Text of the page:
6. Amen sister! I agree wholeheartedly with everything you just wrote!

    I've had my share of "oh you only..." comments too. Grrr.

  7. Oh! Oh! Oh! PREACH IT SISTA!!!!!

    Feministas? Feminazi's in my book - sorry, but thats the way I feel!

    I too feel like feminism has played a major part in the downfall of our society.

    Great post!
    From one loser stay at home Mom to another :)


  8. I LOVE being home with my little girls. I have not always had that choice...and I don't know how long it will last.

    I too get very upset with people's attitudes about stay-at-home-moms. I COULD work, if I wanted to...I COULD be that career woman. But, I am the only mom my kids have, and they won't be with me for much longer. I am DETERMINED to be here with them for as much of the journey as I can.

    Thanks for sharing your rant.

  9. I think my Mom was really an original feminist, it really is too bad that word conjures up bad things for many of us these days, including me.

    It really was all about choice, and freedom. In my Mom's generation it was about not getting kicked out of high school in your senior year because you were pregnant (yep, it was me she was pregnant with), about being able to wear pants to high school during the Iowa winter, getting an advanced degree in something other than teaching, home economics, english literature, or nursing if you wanted to, being able to have a credit card, bank account, or buy a house or a car in your own name, being free to go to work if and when you wanted to, being paid and promoted at the same rate and scale as your male counterpart.

    Those are all the things my Mom fought for, and it really is too bad that as a whole we are so unsupportive of each other, so competitive and judgemental that one woman would actually say that kind of thing to another. Think about it, we do it all the time to each other and not just about motherhood and it's choices.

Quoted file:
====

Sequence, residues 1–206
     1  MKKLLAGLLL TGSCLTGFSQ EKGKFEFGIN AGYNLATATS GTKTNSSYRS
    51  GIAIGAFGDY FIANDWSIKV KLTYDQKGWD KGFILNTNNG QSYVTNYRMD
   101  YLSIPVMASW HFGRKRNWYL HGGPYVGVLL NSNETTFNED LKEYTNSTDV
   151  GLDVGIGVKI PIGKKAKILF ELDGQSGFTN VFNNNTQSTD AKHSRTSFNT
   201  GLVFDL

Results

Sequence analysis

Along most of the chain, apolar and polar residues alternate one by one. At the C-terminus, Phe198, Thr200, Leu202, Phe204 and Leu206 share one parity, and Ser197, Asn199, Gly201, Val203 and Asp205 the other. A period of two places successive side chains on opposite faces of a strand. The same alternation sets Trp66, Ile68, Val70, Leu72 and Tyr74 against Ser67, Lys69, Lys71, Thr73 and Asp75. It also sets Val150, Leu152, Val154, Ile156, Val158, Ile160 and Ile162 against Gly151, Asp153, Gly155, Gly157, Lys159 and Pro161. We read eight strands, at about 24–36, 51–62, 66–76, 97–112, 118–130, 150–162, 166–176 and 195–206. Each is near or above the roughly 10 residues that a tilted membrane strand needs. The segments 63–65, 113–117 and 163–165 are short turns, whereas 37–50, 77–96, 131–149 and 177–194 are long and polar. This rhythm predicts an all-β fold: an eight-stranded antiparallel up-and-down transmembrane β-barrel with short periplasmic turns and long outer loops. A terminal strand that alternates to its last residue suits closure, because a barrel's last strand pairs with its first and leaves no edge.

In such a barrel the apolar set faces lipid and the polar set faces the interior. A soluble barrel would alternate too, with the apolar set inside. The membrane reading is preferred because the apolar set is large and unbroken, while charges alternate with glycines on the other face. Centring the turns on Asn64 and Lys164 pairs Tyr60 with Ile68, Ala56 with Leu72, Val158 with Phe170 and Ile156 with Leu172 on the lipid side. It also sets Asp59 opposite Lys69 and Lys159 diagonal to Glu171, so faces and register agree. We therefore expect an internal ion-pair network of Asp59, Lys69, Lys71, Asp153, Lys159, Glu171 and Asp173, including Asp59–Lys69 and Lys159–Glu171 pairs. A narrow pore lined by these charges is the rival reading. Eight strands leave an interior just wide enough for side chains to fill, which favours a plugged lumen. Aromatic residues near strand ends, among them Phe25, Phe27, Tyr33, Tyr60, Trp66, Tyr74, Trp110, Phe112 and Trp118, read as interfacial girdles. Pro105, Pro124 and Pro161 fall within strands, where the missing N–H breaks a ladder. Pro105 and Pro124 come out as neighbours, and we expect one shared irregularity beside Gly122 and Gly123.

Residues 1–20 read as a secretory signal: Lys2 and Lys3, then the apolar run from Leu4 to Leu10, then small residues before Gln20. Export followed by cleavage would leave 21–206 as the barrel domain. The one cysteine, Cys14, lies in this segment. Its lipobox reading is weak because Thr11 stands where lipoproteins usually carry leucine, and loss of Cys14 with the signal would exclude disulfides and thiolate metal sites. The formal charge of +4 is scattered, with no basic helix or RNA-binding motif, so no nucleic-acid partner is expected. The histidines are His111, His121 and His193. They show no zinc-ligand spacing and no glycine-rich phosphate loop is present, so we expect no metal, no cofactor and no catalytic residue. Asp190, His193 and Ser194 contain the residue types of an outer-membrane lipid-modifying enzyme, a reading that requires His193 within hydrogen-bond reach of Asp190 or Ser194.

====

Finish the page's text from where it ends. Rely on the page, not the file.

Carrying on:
I'm not going to BE that kind of woman, ever, and I'm sorry you had to even hear that as opposed to, "wow, that must be really difficult with your husband gone so much, how do you manage it?"

    Carry on, Trying, as I always say, you do GOOD work!

  10. I would probably have ruffled feathers as well if in your position. Where do people get the idea that being a mom isn't a job? I only hope that when the time comes, I have the option to say home if I choose. Hurray for you & your children that you can. :)

  11. I'm sorry that lady made you feel bad.

    If it's any consolation, I think the job you are doing is probably THE most important one. In fact, if everyone had their priorities in order (regarding parenting), our society would be a much better place!

    Though I don't have kids, I plan to be in your shoes one day. I know the job won't be glamorous, but I think it will be rewarding!

  12. WOW! That was a GREAT post. It really made my day. Some days I feel as though I struggle and struggle just to keep things running smoothly. From sun up to down it is a battle a literal battle to keep things going as they should. I too have had similar comments. I also home school which adds another challenge in there for me and even more negativity from others. But I don't look down at others for making different choices then I do and I wish others would offer me that same respect. Your post was well written and very diplomatic. Thanks!